Δx nomenclature cis,cis912 octadecadienoic acid In Δx (or delta-x) nomenclature, each double bond is indicated by Δx, where the double bond is located on the xth carbon–carbon bond, counting from the carboxylic acid end. Each double bond is preceded by a cis- or trans- prefix, indicating the configuration of the molecule around the bond. For example, linoleic acid is designated "cis9, cis12 octadecadienoic acid". This nomenclature has the advantage of being less verbose than systematic nomenclature, but is no more technically clear or descriptive.
nx nomenclature n−3 nx (n minus x; also ω−x or omega-x) nomenclature both provides names for individual compounds and classifies them by their likely biosynthetic properties in animals. A double bond is located on the xth carbon–carbon bond, counting from the terminal methyl carbon (designated as n or ω) toward the carbonyl carbon. For example, α-Linolenic acid is classified as a n−3 or omega-3 fatty acid, and so it is likely to share a biosynthetic pathway with other compounds of this type. The ω−x, omega-x, or "omega" notation is common in popular nutritional literature, but IUPAC has deprecated it in favor of nx notation in technical documents.[8] The most commonly researched fatty acid biosynthetic pathways are n−3 and n−6.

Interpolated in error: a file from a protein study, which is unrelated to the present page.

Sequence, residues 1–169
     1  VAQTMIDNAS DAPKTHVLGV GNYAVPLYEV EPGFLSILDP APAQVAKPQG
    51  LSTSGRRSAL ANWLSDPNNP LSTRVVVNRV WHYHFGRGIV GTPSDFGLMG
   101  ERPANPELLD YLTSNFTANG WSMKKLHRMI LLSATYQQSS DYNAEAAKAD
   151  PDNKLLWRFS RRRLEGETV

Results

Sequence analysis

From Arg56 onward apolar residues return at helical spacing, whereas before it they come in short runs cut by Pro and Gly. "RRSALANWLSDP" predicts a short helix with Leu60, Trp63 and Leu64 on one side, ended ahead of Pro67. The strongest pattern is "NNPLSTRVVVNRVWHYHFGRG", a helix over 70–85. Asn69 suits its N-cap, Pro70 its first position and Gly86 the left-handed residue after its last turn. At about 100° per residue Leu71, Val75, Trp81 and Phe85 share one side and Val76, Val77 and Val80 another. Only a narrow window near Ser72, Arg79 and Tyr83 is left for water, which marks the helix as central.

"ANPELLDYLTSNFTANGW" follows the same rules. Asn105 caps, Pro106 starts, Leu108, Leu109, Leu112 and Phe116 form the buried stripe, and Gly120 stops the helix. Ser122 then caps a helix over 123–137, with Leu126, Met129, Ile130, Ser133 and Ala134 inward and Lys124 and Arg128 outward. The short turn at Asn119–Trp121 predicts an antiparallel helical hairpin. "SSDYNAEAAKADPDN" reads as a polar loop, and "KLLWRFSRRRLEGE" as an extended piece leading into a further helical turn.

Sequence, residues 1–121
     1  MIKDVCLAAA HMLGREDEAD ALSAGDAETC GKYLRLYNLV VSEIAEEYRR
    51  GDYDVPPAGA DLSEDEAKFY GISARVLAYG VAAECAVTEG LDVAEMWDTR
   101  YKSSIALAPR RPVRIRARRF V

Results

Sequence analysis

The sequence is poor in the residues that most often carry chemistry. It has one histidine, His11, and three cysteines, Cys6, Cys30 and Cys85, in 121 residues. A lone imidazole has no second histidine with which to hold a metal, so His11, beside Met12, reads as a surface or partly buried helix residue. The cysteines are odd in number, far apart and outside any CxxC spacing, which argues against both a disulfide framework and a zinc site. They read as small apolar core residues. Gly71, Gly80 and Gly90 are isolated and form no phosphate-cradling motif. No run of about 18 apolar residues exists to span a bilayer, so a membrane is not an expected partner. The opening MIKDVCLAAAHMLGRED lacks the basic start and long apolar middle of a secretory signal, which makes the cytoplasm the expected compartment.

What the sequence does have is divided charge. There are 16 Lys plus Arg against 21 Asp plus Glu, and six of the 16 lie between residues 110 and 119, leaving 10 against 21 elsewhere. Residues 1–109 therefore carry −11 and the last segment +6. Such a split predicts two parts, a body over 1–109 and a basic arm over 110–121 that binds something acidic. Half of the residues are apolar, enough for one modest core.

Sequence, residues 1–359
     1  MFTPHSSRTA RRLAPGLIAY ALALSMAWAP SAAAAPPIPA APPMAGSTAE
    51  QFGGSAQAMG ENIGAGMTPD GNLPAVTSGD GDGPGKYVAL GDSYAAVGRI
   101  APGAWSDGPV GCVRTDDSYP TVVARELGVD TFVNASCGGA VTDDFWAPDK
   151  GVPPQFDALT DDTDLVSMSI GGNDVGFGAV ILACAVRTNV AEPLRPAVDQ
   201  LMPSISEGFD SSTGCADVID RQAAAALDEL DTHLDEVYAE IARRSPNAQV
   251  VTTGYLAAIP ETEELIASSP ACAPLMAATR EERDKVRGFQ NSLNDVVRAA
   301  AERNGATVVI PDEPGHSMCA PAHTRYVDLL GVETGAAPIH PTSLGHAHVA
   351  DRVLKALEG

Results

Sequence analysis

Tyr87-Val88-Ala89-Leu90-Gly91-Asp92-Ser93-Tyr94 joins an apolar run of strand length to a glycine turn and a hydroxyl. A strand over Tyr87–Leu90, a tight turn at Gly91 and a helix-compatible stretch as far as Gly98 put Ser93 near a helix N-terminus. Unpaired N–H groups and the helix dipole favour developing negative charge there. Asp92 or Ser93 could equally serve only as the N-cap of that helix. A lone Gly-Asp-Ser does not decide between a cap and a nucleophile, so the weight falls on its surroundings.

Lipid numbers 18:3
18:3, cis,cis,cis91215
Lipid numbers take the form C:D, where C is the number of carbon atoms in the fatty acid and D is the number of double bonds in the fatty acid (if more than one, the double bonds are assumed to be interrupted by CH
, i.e., at intervals of 3 carbon atoms along the chain). This notation can be ambiguous, as some different fatty acids can have the same numbers. Consequently, when ambiguity exists this notation is usually paired with either a Δx or nx term.[8]

Esterified, free, unsaturated, conjugatedEdit

When fatty acids circulating in the plasma (plasma fatty acids) are not in their glycerol ester form (glycerides), they are known as non-esterified fatty acids (NEFAs) or free fatty acids (FFAs). The latter term can be viewed as a misnomer because they are transported complexed with a transport protein, such as albumin, as opposed to being unattached to any other molecule.[10] But the term conveys the idea that they are circulating and available for metabolism.

Fatty acids can exist in various states of saturation. Unsaturated fatty acids include monounsaturated fatty acids (MUFAs) and polyunsaturated fatty acids (PUFAs). Conjugated fatty acids are a subset of PUFAs.



Fatty acids are usually produced industrially by the hydrolysis of triglycerides, with the removal of glycerol (see oleochemicals). Phospholipids represent another source. Some fatty acids are produced synthetically by hydrocarboxylation of alkenes.

By animalsEdit

In animals, fatty acids are formed from carbohydrates predominantly in the liver, adipose tissue, and the mammary glands during lactation.[11]